The Lower Ensemble has a completely different character from that of the Upper. The lithics are dominated by a blocky white flint, generally badly weathered and desilicified, with poor flaking characteristics. The material, similar to flint nodules which crop out within the south wall of the cave and on the hillside below the cave terrace, shatters into splinters when struck. Indeed, it appears--to judge from the splinters recovered from sieving and water-sieving (more than 500 in one unit of Trench X alone)--that knapping of this material was being carried out within the cave. While the sheer number of fragments of white flint is impressive, recognizable tools are few, and of little analytical value. Only four retouched tools were recorded from this entire ensemble, but a number of unretouched blades, bladelets, flakes and cores were recovered. These pieces are sufficient to indicate that their makers could and did use prismatic core techniques to produce blades and bladelets when the quality of the raw material allowed. Thus the operative limitation was not a lack of certain flintknapping practices, but a lack of interest in acquiring suitable raw material.
       No specific cultural attribution is yet possible for this ensemble; assuming the accuracy of the 1992 radiocarbon date from Trench VIII, Unit 28, these levels probably fall within the later Upper Paleolithic era. Thus far, no fruitful comparison of assemblages from the final Paleolithic of the southern Balkans--e.g., Franchthi (Perlès 1987) or, closer to Konispol, in Greek Epirus, Asprochaliko, Kastritsa, and Klithi (Adam 1989; Bailey and Gamble 1990; Bailey, Gamble and Higgs 1983; Bailey et al. 1986)--is possible. The putative isolation of a Mesolithic and perhaps Upper Paleolithic at the Konispol Cave is of some importance for Epirus.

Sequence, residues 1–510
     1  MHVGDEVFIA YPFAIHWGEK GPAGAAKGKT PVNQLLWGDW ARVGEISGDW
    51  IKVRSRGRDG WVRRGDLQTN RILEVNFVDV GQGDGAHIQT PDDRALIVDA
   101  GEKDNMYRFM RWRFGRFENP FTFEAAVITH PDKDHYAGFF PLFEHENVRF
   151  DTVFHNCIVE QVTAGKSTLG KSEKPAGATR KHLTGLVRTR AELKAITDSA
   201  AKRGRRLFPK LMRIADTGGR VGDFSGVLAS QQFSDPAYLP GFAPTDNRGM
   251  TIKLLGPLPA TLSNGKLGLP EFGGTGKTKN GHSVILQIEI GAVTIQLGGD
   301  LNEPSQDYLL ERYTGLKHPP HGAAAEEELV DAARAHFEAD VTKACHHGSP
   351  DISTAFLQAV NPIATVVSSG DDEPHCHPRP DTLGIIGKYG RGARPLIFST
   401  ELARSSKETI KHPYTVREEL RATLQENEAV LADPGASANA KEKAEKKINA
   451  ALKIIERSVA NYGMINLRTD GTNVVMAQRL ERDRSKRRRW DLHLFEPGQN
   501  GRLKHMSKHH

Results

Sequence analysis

KONISPOL III (Neolithic)


       Ceramics are the most diagnostic artifact of the Albanian Neolithic. In general, the Konispol Cave has produced relatively sparse ceramic remains--by no means what one would expect from a living site--with respect both to the total amount of ceramics and the repertoire of shapes and functions. A brief descriptive summary of the prehistoric pottery by period follows. Complementary studies, including petrographic analysis, are under way at this writing; results will be described in future reports.

Early Neolithic (Fig. 7): Of the recognized subphases of the Neolithic in Albania, the Early Neolithic is the one most fully represented; the EN pot-bearing strata average nearly a meter in thickness. Nonetheless, the total amount of cultural remains from this period is low, evidenced mainly by animal bones and lithics. The pottery is thick in section. The fabric is characterized by generous sand inclusions. Some vessels are well-polished and have a slight luster. The tendency is toward a monochrome color, but this is not uniform over the individual vessel surfaces. Mottling in the course of firing is commonly attested. The most typical colors are red and reddish-brown. Also represented are vessels of grayish-black color. In general, the vessels seem to be competently fired.